Rachel Allen’s Divine Rich Chocolate Cake recipe


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Happy Sunday!
This Divine Rich Chocolate Cake recipe is from my 2nd cookbook, Rachel’s Favourite Food For Friends (published in 2005), that I come back to time & time again. This is a super quick to make and completely delicious cake that’s a bit brownie-like, a bit moussey-like, and can be made using ground almonds or flour, so super versatile. And, it keeps for ages, if you can keep it!
I made 2 this morning, one for home and one for a friend’s (belated) birthday!
Here’s the recipe below!
Serves 6-8
A little soft butter, for greasing the tin
150g dark chocolate, chopped
125g butter
150g caster sugar
3 eggs, whisked to break up
50g ground almonds or plain flour

For the Chocolate Glaze:
110g dark chocolate , chopped
2 tbsp milk or cream
50g butter

Preheat the oven to 160’C/Fan 145.
Butter the sides of a 20cm round cake tin (or spring form tin ) and line the bottom with grease proof or parchment paper.
Place the chocolate, butter and sugar in a bowl sitting over a saucepan of simmering water, and melt. Stir until smooth then beat in the eggs and fold in the ground almonds or sifted flour. Feel free to add orange zest, vanilla, sea salt, cardamom, ginger etc!
Pour the mixture into the cake tin and bake for 35-45 minutes until the centre feels just set in the centre, but it will still be gorgeously moist. Allow to cool in the tin .
To make the chocolate glaze , melt all the ingredients together and stir until smooth, allow to cool a little until it has thickened slightly ( about 10 minutes) but do not place in the fridge as it will lose it’s glossy sheen .
Take the cooled cake out of the tin and place on a plate or cake stand , and pour the glaze over the top , letting it drizzle down the sides.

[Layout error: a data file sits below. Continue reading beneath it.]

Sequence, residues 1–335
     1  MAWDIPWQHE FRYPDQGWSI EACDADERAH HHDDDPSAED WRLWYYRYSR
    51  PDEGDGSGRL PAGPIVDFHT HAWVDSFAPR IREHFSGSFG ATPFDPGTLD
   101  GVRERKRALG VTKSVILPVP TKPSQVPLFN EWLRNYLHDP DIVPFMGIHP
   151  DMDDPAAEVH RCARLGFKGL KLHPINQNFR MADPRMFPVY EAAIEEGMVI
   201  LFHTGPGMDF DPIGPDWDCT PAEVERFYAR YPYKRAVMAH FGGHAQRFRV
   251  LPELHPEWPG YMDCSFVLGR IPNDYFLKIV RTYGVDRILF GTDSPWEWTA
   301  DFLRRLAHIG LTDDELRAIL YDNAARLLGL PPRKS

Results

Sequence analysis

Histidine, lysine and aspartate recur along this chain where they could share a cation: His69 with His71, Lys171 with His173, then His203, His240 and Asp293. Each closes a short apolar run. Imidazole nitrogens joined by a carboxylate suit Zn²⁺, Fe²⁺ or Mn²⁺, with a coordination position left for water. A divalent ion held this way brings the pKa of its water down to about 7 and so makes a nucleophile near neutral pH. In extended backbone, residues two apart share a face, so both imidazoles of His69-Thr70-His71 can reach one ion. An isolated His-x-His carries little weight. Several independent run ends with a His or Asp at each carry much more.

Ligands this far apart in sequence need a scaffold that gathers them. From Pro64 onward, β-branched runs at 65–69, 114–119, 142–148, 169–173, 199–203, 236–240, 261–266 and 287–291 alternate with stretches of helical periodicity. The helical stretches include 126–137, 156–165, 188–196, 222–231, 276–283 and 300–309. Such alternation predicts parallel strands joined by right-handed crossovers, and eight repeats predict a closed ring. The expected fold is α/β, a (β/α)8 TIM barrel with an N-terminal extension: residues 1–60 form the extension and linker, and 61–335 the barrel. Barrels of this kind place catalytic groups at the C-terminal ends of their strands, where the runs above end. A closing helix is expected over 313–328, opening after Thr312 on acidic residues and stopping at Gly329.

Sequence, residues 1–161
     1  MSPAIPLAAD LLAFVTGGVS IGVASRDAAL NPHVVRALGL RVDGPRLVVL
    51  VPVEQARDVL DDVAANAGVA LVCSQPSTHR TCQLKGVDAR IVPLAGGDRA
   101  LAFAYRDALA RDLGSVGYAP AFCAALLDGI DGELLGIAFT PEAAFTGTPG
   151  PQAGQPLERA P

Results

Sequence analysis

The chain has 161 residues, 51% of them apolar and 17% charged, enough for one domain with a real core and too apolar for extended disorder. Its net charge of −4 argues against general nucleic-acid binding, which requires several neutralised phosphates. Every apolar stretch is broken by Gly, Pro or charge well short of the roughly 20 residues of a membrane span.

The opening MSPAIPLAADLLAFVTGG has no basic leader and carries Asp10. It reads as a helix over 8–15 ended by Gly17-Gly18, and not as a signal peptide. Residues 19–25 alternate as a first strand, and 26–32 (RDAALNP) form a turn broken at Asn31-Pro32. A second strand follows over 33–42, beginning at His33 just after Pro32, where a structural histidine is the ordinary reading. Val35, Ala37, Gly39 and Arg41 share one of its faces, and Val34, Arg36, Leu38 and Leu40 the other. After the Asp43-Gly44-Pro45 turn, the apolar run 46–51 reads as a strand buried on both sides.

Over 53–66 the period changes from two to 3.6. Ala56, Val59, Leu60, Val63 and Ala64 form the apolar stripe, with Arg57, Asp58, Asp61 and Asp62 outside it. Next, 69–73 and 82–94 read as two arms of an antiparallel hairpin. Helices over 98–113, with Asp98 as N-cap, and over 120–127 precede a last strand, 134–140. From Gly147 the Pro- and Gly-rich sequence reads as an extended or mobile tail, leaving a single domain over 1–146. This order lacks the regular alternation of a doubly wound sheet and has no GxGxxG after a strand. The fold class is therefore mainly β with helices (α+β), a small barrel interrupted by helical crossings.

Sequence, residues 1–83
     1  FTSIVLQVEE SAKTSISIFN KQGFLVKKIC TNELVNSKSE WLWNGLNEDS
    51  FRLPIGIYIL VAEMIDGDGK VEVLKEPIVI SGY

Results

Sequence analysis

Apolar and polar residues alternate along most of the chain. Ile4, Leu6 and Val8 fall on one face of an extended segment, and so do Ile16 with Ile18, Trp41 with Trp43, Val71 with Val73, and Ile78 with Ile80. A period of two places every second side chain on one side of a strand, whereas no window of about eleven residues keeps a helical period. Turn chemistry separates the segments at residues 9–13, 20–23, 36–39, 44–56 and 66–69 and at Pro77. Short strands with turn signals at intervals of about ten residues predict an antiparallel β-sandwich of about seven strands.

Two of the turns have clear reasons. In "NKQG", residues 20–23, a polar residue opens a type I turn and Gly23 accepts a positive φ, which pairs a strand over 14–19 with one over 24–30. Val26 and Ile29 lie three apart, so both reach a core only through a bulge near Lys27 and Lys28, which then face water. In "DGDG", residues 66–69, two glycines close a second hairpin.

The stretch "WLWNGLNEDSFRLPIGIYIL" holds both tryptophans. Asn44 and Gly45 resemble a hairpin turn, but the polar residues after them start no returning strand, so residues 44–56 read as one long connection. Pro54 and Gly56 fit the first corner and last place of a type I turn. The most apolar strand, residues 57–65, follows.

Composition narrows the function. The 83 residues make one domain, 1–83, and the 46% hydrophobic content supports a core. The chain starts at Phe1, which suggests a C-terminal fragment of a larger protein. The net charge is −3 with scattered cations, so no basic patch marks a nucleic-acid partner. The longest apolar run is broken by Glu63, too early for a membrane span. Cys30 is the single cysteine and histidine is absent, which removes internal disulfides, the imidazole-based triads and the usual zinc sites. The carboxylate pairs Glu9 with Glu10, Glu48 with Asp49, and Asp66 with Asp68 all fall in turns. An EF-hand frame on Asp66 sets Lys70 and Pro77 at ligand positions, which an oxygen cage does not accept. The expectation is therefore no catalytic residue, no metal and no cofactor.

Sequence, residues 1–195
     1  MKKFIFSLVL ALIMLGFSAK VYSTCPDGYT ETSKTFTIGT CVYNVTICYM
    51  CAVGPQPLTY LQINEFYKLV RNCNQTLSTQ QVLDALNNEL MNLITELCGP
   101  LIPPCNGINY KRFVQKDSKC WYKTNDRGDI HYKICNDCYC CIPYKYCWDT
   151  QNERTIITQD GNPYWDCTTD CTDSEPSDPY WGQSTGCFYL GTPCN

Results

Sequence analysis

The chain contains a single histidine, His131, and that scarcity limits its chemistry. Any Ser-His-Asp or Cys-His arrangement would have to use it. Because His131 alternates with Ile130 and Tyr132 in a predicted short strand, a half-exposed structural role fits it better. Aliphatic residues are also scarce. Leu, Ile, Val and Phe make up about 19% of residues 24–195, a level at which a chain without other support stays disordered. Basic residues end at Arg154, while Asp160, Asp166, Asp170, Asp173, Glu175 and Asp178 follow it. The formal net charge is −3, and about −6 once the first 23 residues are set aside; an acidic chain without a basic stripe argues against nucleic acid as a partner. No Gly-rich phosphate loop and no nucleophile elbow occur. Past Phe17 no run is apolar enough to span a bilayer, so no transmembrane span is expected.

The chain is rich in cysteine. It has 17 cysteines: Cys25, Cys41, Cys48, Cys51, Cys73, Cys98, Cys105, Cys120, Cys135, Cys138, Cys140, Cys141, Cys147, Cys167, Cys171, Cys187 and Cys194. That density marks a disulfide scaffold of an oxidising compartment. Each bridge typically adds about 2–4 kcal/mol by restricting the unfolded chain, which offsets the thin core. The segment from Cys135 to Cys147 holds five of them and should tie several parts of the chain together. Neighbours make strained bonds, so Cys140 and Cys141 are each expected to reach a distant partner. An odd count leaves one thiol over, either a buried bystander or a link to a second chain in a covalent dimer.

#baking #rachelallencooks #chocolatecake #glutenfree1d

Rachel Allen’s asparagus and new potato salad

asparagus-potato-salad-poached-egg

First, place a saucepan of water on a high heat and add a good pinch of salt. Bring up to the boil then pop in the new potatoes, cover and boil for about 20-30 minutes until the potatoes are tender. While the potatoes are cooking, make the dressing by mixing the olive oil, the lemon juice, the chopped marjoram or tarragon, whichever you’re using, and some salt and pepper to season. When the potatoes are cooked, cut them into quarters while hot, place in a bowl and drizzle with some of the lemon and olive oil dressing and season with salt and pepper. Set aside but do not chill.

Place more water, with another pinch of salt, in the saucepan and bring to the boil on a high heat for cooking the asparagus. Prepare the asparagus by snapping off the woody ends at the base of the stalks, discard the snapped end. Next, using a peeler, peel away the slightly tough outer peel from about 2-3cm at the base of the stalks. When the water comes to the boil, drop in the asparagus and boil, uncovered, for about 4-6 minutes until tender. Remove the asparagus from the water but keep the water in the pot (for cooking the eggs) and place the asparagus stalks on a plate and immediately drizzle with some of the dressing.

Bring the water back to a boil again and crack in the eggs, turn the heat to medium to let the water simmer and poach the eggs for a few minutes until the whites are set and the yolks still soft. While the eggs are cooking, place the lettuce leaves in a bowl and drizzle with nearly all of the remaining dressing – enough to just make the leaves glisten. Divide the leaves between the plates and arrange the asparagus over or around or slightly peeping out from under the lettuce, then arrange the potatoes over or around and then place a perfectly poached egg sitting on top of each salad. To finish, peel a few shavings of the Coolea or Parmesan cheese, whichever you are using, for each plate and arrange over the top, drizzle with the last of the dressing, and serve.

 

Mimosa Salad with Wild Garlic and Kalamata Olives: Rory O’Connell

rory salad rte 7516

“I make this salad all year round, varying the salad content according to the seasons and availability but I like it best of all in spring” says Rory.

Rory says: “Mixed organic leaves are the most obvious option but the salad works very well with just crispy watercress or chicory leaves. Wild garlic leaves are a great addition in spring as are the pretty white garlic flowers. As always choose the best quality oil and vinegar and measure accurately to ensure a correct balance of acidity in the dressing.